Home Repair and Renovating

August 17, 2012

Annie Sloan Chalk Paint, where have you been all my life?


Remember the first thing you ever painted with ‘real’ grown-up paint, not kiddie watercolour paint?

Remember the exhilaration of gobbing on that first transforming brush full? Remember the utter lack of control and the hashmark-style brush strokes? Well, you can have all of that back.  

Modern painting has become a chore to be avoided. It smells up the house, the prep alone is a lot of trouble, and you have to match the paint to the surface you’re covering, which leads to mistakes (i.e. latex over alkyd, wrong primer, bubbling, blistering or peeling because some genius used Plaster of Paris instead of spackle on the ceiling and the lime goes into solution and starts fizzing under the paint...).  

And let's not forget that modern paint comes in 28,000 colours, only 27 of which actually look good in any known home.  

Well, I found a paint that is so fun, relieving, gorgeous and smart that I'm painting everything in the house, including the most avoided task in the DIY roster: the kitchen cabinets.  

Annie Sloan Chalk Paint is finally available in Canada. And it only comes in 27 colours (the ones that look good in houses), which can be diluted with Annie's Pure White or Old White to create lighter shades if you desire. (I covered Annie's paint in my column today. But I didn't have enough room to tell the whole story, so I'm adding some more details here.)

The paint has so little odour that my insanely smell-sensitive husband couldn't even tell I'd been painting the kitchen when he came home from running errands.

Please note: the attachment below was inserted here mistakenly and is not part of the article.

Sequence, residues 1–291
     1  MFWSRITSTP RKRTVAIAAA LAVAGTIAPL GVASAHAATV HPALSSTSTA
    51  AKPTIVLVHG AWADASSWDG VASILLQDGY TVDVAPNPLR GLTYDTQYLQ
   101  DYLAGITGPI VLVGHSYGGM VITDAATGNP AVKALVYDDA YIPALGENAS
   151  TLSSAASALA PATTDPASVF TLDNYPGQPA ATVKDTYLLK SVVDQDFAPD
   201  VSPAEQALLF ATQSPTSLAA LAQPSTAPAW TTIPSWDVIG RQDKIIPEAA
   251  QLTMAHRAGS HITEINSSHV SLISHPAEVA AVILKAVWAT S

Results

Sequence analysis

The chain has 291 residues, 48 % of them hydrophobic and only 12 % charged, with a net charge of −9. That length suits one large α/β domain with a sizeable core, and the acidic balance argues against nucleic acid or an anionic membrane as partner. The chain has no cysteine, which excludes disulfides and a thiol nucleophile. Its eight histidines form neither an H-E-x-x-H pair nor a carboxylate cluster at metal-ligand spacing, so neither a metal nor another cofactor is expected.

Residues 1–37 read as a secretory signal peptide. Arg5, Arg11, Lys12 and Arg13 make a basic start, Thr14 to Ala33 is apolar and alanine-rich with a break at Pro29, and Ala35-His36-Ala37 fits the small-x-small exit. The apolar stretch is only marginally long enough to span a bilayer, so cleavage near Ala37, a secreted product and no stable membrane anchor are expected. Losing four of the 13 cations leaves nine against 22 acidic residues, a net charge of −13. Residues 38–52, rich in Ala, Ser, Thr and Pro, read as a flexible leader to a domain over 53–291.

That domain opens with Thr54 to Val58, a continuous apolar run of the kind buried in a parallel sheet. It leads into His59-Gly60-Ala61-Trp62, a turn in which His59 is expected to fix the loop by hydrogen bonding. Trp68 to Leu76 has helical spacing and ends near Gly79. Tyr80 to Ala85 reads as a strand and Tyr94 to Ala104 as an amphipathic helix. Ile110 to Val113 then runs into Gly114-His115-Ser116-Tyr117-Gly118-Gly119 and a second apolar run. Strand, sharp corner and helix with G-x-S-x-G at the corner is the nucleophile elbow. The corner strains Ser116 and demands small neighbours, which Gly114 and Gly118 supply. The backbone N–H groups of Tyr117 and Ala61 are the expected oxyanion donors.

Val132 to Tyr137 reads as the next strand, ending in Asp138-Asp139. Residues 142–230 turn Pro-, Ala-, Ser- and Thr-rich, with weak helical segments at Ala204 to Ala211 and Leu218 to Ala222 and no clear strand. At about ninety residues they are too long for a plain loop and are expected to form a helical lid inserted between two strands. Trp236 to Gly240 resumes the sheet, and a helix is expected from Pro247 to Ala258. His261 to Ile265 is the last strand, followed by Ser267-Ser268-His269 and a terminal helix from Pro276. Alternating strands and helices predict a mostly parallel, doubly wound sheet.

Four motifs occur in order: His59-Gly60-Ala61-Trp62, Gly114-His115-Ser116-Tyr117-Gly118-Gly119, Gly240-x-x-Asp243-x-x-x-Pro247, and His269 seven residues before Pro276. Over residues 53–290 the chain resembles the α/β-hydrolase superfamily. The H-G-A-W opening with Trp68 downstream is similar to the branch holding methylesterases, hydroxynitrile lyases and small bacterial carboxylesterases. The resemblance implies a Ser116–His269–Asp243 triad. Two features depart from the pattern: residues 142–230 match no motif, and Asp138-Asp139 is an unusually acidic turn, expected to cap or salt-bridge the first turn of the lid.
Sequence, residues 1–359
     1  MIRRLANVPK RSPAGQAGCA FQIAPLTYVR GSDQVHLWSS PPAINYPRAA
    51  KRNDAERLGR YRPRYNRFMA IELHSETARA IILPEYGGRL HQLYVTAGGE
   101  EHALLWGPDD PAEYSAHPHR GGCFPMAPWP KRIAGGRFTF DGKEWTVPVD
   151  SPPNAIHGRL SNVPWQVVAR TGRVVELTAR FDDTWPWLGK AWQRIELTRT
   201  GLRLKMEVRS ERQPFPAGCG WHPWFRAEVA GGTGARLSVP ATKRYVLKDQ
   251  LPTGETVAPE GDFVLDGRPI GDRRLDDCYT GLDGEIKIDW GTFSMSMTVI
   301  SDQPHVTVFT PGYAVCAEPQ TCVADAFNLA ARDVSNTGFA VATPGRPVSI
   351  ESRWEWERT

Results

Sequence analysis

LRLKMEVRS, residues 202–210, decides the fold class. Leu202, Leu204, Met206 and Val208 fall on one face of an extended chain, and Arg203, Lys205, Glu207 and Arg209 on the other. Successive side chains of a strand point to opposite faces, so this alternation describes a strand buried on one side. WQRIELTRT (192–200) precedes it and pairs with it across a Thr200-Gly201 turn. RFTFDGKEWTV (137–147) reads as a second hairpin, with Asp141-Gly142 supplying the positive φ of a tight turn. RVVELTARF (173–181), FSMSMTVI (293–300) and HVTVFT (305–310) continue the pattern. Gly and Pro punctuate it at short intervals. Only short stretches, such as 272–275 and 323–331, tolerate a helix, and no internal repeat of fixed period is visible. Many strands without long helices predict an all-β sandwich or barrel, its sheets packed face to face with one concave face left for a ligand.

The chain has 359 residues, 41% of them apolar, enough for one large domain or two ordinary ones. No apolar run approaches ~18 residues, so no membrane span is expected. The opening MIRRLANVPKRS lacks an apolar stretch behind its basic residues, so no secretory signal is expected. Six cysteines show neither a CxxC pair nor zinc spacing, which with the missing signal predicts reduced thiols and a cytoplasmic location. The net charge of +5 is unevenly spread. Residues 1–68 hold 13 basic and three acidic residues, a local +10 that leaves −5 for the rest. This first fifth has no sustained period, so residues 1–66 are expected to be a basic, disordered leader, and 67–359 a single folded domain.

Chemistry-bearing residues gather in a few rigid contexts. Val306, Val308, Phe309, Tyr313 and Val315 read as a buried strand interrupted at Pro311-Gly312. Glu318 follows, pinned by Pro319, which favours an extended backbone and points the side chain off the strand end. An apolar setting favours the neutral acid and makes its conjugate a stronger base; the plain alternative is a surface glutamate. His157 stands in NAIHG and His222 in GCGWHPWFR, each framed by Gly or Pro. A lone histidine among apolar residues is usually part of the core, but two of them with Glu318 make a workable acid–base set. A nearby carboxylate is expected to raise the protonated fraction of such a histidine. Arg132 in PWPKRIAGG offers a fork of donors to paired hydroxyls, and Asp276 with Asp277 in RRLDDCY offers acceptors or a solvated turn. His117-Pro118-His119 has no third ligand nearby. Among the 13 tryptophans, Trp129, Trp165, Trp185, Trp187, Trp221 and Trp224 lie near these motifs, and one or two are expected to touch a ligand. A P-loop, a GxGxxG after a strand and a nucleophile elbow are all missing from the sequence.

And I'm painting right over 30-year-old alkyd. No prep. It's so easy to work with this paint that I can do a little bit every day rather than shut the kitchen down for a week while I remove all of the cupboard doors, sand them, prime them, roll on a couple of coats, and then replace all of the hardware and re-install them. 

(I went with Versailles green, the colour of the kitchen cabinets in Jasper Dale's kitchen on Road to Avonlea.) 

Annie encourages Chalk Paint users to brush the paint on with abandon, crisscrossing the brushstrokes to add texture and depth. The paint lends itself beautifully to arty effects like layering and distressing. Even on plastic! (This is a thick base coat on my plastic iPhone case) 



I was going for 'rustic barnboard'.  This is how it turned out...



I had a lot of fun painting a beat up old table made from Douglas fir...  

Renoir table
Photo: Nora Duffy

(table top was painted with Versailles green and then immediately rubbed with a rag to create a pickled effect) 

I experimented with mixing some concrete pigment into the paint (Old Ochre) because I hadn't bought enough colours. Concrete pigment tends to be lumpy so it creates streaks in the paint.  I found that using a sponge to apply the paint helped reduce the streaking.  I just swabbed it around till the finish was even. 


(Shiny urethane be gone!)

Chalk Paint creates a very soft, velvety matte finish that you can gloss up with Annie Sloan's soft waxes. They come in clear or dark shades.  Both buff to a silky sheen.  The dark wax is great for creating various grunge effects or for aging a piece.  


You can check Annie Sloan's web site for a dealer near you.  The paint is so loaded with pigment that it covers most surfaces quite nicely with one coat.  If you're in the Greater Toronto Area your closest dealer is Kathie Jordan in New Hamburg, Ontario.  Kathie will ship paint and/or wax to you if you don't want to make the drive.  You can also place an online order for Annie Sloan paints and waxes from The Melon Patch in Bath, Ontario.

It's worth the visit to Kathie's shop if you're in the GTA - she's lovely!

Kathie and Mag

TIP: The online palette looks darker than the paint actually is (on most monitors). The best way to experience the colours is to go to a dealer and see for yourself, or do a search for the glorious projects that people have posted online.